WPI Researchers Receive NSF Awards to Develop Better Ways to Capture and Store Solar Energy
A research team at Worcester Polytechnic Institute (WPI), funded by two significant National Science Foundation (NSF) grants and an award from the Massachusetts Clean Energy Center, is developing materials to generate and store more energy from the sun, which could make solar energy more efficient, less expensive, and more widely available.
The first project is focused on discovering new materials for solar cells that could boost their efficiency and make them less expensive to manufacture. The second seeks to lower the cost of producing hydrogen using solar energy or electricity from other clean energy sources. (Generating hydrogen could be an effective way to store solar energy). The projects are led by Pratap Rao, assistant professor of mechanical engineering.
“We are excited about these projects because of the impact they can have on clean energy in the future,” Rao said, “and because they are very interesting problems to tackle.”
Exploring New Materials to Expand the Use of Solar Energy
Rao received a three-year, $314,065 award from the NSF in early August to develop a lower-cost catalyst for an electrochemical process that can generate hydrogen from water. He is working with co-principal investigator Aaron Deskins, associate professor of chemical engineering, on the new award.
The grant complements a $409,274 NSF award received in 2016 to fund the development of new, lower-cost materials for solar cells, a project Rao is conducting with Lyubov Titova, assistant professor of physics. All three researchers are core members of the WPI’s new Energy Research Group.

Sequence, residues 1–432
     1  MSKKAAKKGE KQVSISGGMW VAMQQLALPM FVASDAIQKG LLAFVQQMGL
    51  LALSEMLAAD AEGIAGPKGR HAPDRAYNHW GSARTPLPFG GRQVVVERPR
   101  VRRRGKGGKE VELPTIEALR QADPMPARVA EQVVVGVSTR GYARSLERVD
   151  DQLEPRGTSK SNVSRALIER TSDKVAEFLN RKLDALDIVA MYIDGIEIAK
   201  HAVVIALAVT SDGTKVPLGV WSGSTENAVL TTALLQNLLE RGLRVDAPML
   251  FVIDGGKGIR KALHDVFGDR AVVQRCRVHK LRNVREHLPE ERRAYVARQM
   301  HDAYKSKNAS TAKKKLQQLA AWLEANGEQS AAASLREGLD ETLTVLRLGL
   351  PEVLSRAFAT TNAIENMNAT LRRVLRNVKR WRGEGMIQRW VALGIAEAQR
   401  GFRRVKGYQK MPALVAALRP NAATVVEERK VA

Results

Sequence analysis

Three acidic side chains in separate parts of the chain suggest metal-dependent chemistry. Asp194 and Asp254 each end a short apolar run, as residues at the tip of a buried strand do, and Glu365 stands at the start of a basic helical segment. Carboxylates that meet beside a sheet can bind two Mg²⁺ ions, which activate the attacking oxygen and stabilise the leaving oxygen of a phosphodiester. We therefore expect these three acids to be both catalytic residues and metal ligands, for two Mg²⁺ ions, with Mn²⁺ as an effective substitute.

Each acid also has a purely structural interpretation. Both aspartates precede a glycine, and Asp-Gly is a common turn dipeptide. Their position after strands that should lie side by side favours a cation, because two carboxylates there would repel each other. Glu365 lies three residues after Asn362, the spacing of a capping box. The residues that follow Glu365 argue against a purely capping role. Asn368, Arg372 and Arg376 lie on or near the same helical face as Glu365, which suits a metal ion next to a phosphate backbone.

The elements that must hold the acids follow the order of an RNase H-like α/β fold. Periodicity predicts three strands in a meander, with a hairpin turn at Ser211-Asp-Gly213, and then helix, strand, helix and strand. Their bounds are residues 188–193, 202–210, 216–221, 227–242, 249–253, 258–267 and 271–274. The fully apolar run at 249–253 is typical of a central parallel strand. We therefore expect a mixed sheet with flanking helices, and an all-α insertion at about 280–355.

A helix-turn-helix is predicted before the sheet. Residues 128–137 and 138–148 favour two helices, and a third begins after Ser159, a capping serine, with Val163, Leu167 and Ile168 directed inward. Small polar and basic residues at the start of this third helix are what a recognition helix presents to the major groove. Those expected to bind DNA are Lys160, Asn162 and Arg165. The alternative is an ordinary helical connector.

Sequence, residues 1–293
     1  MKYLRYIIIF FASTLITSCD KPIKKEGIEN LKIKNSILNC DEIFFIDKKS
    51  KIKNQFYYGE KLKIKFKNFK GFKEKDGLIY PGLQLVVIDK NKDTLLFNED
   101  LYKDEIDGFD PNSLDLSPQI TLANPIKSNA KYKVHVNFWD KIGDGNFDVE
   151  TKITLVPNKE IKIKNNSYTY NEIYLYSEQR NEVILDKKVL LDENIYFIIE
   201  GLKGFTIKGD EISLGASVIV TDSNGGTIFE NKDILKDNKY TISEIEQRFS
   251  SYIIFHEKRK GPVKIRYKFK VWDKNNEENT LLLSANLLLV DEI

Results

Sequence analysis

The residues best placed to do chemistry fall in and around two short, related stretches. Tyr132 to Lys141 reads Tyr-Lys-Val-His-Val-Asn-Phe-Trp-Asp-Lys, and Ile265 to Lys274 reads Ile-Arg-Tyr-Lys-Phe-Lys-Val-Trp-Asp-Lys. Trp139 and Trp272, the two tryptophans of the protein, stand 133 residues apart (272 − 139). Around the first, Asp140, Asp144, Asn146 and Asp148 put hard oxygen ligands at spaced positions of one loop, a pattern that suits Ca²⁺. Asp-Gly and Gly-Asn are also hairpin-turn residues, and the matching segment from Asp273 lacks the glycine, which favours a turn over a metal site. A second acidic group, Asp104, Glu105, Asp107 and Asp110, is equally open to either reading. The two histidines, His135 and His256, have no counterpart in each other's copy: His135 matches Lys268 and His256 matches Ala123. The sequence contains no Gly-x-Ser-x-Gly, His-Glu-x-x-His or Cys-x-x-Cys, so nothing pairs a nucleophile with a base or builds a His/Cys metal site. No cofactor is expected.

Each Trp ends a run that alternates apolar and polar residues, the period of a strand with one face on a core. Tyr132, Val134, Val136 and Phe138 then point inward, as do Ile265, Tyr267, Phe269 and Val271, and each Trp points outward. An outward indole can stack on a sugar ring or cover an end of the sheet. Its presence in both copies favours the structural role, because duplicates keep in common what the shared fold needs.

Though sunlight is a clean energy source, a number of issues have hindered its widespread use. One of the most important is its intermittent nature: It’s not always sunny, and sunny periods don’t always correlate with high demand for electric power. Also, if electricity generated from solar energy is not used immediately or stored, it goes to waste. Thus it is important to have a practical way to store solar energy so it can be available when needed.
That’s where the big problem lies, Rao says. Currently, the best options for storage include batteries and pumped-storage hydroelectricity. But the U.S. electric grid does not have a lot of batteries, and pumped-hydro facilities are few and far between.
New ways to produce and store hydrogen
From left, Pratap Rao, PhD student Lite Zho (materials
science and engineering), and Aaron Deskins examine
a sample of a material being tested as a possible
replacement for silicon in solar photovoltaic cells.
With the latest NSF award, Rao and Deskins are focused on a different way to store solar energy—by using the electricity to split water into molecules of hydrogen and oxygen through a process called electrolysis. The two gases can be stored, to be recombined later in a fuel cell to generate electricity when demand warrants. (Hydrogen is also used extensively in the production of fertilizers and chemicals.)
Electrolysis is the cleanest way to produce hydrogen, but because it requires a great deal of electricity and expensive catalysts like platinum, it is costly. For this reason, most of the hydrogen produced in the United States is made from natural gas through a process called steam reforming, which, although cheaper, also produces carbon dioxide, a greenhouse gas. Rao and Deskins are exploring ways to lower the cost of electrolysis through the development of cheaper electrocatalysts. (Catalysts are materials that reduce the energy needed for chemical reactions; electrocatalysts use electricity to drive chemical reactions.)
The WPI team is investigating electrocatalysts like tungsten disulfide, a crystalline material that tends to form sheets that are just three atoms thick. Electricity generated from a renewable energy source, such as a solar cell or wind turbine, can be transferred to the tungsten sulfide sheets through an electrically conductive supporting material. The electricity makes its way to the catalytically active edges of the sheets, where it is transferred to the water molecules, causing them to split into oxygen and hydrogen.